Jantar Mantar

Next stop- the very famous Jantar Mantar (or Yantar Mandir as I read on wiki). Its located close to CP and using Google maps on my mobile found my way, albeit not easily, as I was distracted by an unusual activity. It was a bunch of college guys, with one amongst them photographing something with a setup that included a tripod (The tripod caught my attention first). I proceeded towards them to realise that they were photographing the cleaning of the glass windows of a building. The sight of two men suspended in mid air with an automated arrangement was a sight to behold indeed, at least for people seeing it for the first time.

Distracted by this, I inadvertently ventured back towards CP, without consulting my mobile. When I did find my way to Jantar Mantar, I realised that it was right next to the building whose windows I just watched being cleaned.

At first glance all these Yantras (instruments) seemed to be just some old age ruins . But on reading about the working and construction of these instruments, I soon found out they were more than that. The ingenuity of the people who thought of these things and then constructed them simply amazed me. Here we are at L&T struggling to raise columns and cast footings with perfect verticality and these people go on and create a giant sun dial with an angle of inclination equal to the latitude of Delhi! Sheesh!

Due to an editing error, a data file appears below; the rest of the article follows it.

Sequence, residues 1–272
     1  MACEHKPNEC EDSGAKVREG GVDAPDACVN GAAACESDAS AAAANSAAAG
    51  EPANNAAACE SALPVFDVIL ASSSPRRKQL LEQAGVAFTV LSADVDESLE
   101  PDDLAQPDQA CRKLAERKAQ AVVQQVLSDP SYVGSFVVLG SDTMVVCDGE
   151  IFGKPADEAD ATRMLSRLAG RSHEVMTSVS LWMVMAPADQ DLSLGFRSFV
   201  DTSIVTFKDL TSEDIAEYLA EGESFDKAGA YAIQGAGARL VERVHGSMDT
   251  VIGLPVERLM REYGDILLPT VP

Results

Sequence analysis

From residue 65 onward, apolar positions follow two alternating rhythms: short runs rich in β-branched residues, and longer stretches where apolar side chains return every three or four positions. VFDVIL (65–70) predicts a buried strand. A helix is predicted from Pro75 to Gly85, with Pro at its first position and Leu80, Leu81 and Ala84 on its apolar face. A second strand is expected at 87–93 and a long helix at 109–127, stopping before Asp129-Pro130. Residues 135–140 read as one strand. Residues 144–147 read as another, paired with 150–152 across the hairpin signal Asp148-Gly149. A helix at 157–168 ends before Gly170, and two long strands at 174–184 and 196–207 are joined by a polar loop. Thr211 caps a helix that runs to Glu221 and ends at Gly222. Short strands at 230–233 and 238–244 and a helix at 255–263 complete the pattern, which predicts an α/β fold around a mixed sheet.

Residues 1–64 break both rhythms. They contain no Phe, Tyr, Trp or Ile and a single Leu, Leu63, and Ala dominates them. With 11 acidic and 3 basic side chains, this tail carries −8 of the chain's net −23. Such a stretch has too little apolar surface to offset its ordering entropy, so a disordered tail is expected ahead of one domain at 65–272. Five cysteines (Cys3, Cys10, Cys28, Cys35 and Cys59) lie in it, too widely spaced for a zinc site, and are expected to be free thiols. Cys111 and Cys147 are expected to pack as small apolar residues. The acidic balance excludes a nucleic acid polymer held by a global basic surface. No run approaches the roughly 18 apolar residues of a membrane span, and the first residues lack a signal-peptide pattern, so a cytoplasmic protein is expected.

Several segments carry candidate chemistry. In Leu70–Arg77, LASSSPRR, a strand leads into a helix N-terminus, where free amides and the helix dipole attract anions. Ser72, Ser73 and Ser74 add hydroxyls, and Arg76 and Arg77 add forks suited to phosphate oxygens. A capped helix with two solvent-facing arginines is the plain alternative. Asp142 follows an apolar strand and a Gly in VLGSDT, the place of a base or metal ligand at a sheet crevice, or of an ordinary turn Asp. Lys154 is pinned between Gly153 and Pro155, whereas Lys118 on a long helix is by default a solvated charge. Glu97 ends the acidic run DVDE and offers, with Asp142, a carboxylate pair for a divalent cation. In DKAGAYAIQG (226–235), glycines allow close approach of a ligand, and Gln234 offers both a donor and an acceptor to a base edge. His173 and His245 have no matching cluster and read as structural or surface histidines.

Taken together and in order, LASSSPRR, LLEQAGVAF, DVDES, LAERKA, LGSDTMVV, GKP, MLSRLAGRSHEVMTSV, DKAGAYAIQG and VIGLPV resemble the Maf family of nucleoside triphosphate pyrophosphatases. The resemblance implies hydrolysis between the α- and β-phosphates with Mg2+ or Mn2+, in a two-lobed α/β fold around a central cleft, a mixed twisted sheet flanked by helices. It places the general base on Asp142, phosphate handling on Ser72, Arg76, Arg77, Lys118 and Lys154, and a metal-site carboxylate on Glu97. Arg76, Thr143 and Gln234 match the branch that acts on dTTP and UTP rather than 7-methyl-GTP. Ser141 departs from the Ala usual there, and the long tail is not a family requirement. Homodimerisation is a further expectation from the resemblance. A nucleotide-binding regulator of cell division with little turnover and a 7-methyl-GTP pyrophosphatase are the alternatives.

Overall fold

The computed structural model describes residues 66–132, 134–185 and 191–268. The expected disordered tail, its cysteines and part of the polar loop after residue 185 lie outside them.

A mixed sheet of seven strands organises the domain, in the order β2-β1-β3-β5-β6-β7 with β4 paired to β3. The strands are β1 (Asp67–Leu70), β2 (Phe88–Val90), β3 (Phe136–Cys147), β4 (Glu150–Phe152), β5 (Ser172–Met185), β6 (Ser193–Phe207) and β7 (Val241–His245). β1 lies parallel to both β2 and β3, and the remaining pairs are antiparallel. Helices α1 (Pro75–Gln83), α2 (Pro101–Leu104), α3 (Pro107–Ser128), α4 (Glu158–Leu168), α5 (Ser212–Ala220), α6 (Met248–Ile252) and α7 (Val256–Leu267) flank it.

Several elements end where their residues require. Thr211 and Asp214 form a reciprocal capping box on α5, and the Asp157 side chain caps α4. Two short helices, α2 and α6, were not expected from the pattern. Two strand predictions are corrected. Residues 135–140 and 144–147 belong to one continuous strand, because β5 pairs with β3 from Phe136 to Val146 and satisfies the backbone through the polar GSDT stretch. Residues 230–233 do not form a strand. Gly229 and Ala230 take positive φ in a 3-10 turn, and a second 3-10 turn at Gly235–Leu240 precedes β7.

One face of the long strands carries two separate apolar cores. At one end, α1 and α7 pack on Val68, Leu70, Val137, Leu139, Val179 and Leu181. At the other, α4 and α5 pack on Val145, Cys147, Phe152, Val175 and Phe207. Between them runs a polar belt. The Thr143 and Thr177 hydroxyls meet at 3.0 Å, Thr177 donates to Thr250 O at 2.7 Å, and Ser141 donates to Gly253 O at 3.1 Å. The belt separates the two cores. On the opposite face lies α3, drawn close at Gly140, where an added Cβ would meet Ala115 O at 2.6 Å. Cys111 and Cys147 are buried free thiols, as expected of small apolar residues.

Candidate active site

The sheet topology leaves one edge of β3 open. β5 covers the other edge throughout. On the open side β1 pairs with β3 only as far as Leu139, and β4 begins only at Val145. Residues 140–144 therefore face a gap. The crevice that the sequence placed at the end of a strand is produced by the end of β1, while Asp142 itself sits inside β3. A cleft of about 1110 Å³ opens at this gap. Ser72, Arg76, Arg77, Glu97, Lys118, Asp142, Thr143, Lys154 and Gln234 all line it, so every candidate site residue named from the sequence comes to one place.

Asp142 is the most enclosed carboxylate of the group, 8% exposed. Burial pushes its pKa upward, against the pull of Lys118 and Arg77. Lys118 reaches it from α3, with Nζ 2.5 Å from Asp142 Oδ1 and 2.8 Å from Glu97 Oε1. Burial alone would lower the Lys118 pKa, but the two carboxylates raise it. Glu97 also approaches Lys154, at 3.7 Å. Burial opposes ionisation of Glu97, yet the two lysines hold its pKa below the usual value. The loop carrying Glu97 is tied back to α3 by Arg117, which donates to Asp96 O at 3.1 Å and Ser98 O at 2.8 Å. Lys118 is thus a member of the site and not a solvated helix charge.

The other Yantras were equally ingenious. The Mishra yantra whose photograph is always associated with the Jantar Mantar is actually a set of several instruments. The symmetry and precision with which these have been built is just outstanding especially taking into account the era when they were built.

Pic1. The windows being cleaned. Pic2. The giant sun dial. Pic 3. The Mishra Yantra.